Overview of the models¶
As the following figure shows, the extrinsic apoptosis pathway can be considered to have roughly three major regulatory focal points, or “modules”: [Albeck2008]
- Activation of initiator caspases of Bid by receptor ligation (“Receptor to Bid” in the diagram)
- Mitochondrial outer membrane permeabilization (MOMP)
- Effector caspase activation and substrate cleavage (“Pore to PARP cleavage” in the diagram)
The models in EARM are focused on exploring alternate hypotheses for the regulation of MOMP by Bcl-2 family proteins, both as an isolated module and in the overall context of the extrinsic apoptosis pathway.
Each hypothesis for MOMP regulation by Bcl-2 proteins in EARM thus has two models associated with it: a “MOMP-only” model that can be used to study the properties of a Bcl-2 reaction topology as an isolated module, and a “full apoptosis” form, in which the different MOMP models are embedded in the full extrinsic apoptosis pathway which begins with TRAIL or FasL stimulation. EARM contains 15 alternative Bcl-2 topologies for MOMP; thus there are 15 Bcl-2 topologies x two versions = 30 models, enumerated M1a, M1b, ..., M15a, M15b. The “a” suffix denotes the full apoptosis model for a given Bcl-2 topology, while the “b” suffix denotes the corresponding MOMP-only model.
For the full apoptosis models, the upstream and downstream pathway components and reaction topologies are re-used from the previously published EARM 1.0 [Albeck2008].
The models in EARM¶
Below is a list of the 15 alternative Bcl-2 reaction topologies incorporated into EARM. More detailed descriptions of each model, along with the source code, are found in Implementation details (code and documentation).
- M1a/b: EARM 2.0, Embedded [Lopez2013]
- M2a/b: EARM 2.0, Direct [Lopez2013]
- M3a/b: EARM 2.0, Indirect [Lopez2013]
- M4a/b: “Minimal Model” (Figure 11b) from Albeck et al. (2008) [Albeck2008]
- M5a/b: “Model B + Bax multimerization” (Figure 11c) from Albeck et al. (2008) [Albeck2008]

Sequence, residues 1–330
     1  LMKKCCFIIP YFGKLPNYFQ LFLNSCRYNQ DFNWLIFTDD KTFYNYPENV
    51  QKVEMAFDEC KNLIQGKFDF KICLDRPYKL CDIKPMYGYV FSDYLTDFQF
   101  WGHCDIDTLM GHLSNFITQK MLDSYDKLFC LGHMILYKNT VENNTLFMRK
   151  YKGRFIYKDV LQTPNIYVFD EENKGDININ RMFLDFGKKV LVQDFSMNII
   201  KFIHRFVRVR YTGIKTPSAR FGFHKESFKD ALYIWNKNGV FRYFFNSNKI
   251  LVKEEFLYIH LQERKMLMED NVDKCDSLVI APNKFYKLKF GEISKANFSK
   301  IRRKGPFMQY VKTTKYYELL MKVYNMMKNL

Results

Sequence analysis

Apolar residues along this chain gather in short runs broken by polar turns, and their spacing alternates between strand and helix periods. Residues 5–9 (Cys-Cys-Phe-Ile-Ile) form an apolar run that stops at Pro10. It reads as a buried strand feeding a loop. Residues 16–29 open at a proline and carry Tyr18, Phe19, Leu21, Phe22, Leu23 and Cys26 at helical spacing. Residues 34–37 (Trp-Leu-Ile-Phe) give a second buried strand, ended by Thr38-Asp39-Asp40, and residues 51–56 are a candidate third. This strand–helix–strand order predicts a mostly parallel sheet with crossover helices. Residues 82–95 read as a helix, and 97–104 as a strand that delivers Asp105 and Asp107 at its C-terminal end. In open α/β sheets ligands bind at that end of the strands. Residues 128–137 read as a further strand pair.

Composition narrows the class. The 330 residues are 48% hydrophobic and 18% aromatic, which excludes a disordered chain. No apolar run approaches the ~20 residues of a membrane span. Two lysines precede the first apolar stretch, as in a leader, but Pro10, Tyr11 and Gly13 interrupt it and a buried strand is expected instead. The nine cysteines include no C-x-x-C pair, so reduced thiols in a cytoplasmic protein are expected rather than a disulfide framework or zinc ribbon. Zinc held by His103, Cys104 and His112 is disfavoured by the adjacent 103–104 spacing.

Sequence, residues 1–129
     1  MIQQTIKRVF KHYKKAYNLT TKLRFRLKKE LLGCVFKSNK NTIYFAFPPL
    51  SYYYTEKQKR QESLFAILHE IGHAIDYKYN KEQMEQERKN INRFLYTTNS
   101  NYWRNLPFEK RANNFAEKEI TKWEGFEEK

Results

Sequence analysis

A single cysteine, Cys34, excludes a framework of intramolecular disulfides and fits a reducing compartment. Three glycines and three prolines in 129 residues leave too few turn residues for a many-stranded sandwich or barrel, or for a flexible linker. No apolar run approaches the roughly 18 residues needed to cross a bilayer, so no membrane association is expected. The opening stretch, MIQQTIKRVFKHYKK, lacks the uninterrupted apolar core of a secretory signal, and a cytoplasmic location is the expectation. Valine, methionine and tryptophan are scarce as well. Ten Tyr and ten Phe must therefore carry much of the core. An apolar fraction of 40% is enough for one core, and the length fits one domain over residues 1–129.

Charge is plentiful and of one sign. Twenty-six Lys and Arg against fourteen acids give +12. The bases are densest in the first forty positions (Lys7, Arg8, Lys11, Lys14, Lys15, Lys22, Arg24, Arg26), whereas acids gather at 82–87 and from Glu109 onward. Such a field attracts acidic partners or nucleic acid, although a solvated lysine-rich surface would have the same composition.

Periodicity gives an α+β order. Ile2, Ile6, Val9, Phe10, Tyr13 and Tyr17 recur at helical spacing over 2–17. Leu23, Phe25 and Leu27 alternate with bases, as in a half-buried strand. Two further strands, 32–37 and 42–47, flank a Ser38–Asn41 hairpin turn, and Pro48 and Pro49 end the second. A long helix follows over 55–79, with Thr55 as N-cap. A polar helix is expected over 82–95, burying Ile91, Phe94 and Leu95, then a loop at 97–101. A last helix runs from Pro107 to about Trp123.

- M6a/b: “Model C + mitochondrial transport” (Figure 11d) from Albeck et al. (2008) [Albeck2008]
- M7a/b: “Current model” (Figure 11e) from Albeck et al. (2008) [Albeck2008]
- M8a/b: “Current model + cooperativity” (Figure 11f) from Albeck et al. (2008) [Albeck2008]
- M9a/b: Deterministic model from Chen et al. (2007), Biophysical Journal [Chen2007biophysj]
- M10a/b: Indirect model from Chen et al. (2007), FEBS Letters [Chen2007febs]
- M11a/b: Direct model from Chen et al. (2007), FEBS Letters [Chen2007febs]
- M12a/b: Direct model from Cui et al. (2008) [Cui2008]
- M13a/b: Direct model 1 from Cui et al. (2008) [Cui2008]
- M14a/b: Direct model 2 from Cui et al. (2008) [Cui2008]
- M15a/b: Model incorporating Bad phosphorylation from Howells et al. (2011) [Howells2011]
How the model code is organized¶
For each of the 30 models, there is a corresponding
.py file containing
the model definition. This way any model can be imported using the
straightforward syntax (for example, for model M1a):
from earm.lopez_embedded import model
However, the Python files for each individual model in general do not contain
much code–they mainly call functions from other modules. For example,
here is the source code for the file
implements model M1a:
""" Model M1a: Extrinsic apoptosis model with expanded, "embedded together" model of MOMP. """ from pysb import * from earm import shared from earm import lopez_modules from earm import albeck_modules Model() # Declare monomers albeck_modules.ligand_to_c8_monomers() lopez_modules.momp_monomers() albeck_modules.apaf1_to_parp_monomers() # Generate the upstream and downstream sections albeck_modules.rec_to_bid() albeck_modules.pore_to_parp() # The specific MOMP model to use lopez_modules.embedded() # Declare observables shared.observables()
As this example shows, the model file calls a series of macros that declare the
earm.albeck_modules.apaf1_to_parp_monomers()), then calls the macros
implementing the upstream and downstream pathway elements
earm.albeck_modules.pore_to_parp()), and finally calls the macro for
the specific Bcl-2 topology involved:
Since the observables for all of the full apoptosis model variants is the same,
these are declared in the final macro that is called,
All of the model
.py files follow this pattern, calling a handful of macros
to declare monomers and observables and select implementations of different
Note that the
.py model files for the full-apoptosis models (M1a - M15a)
are found in the top-level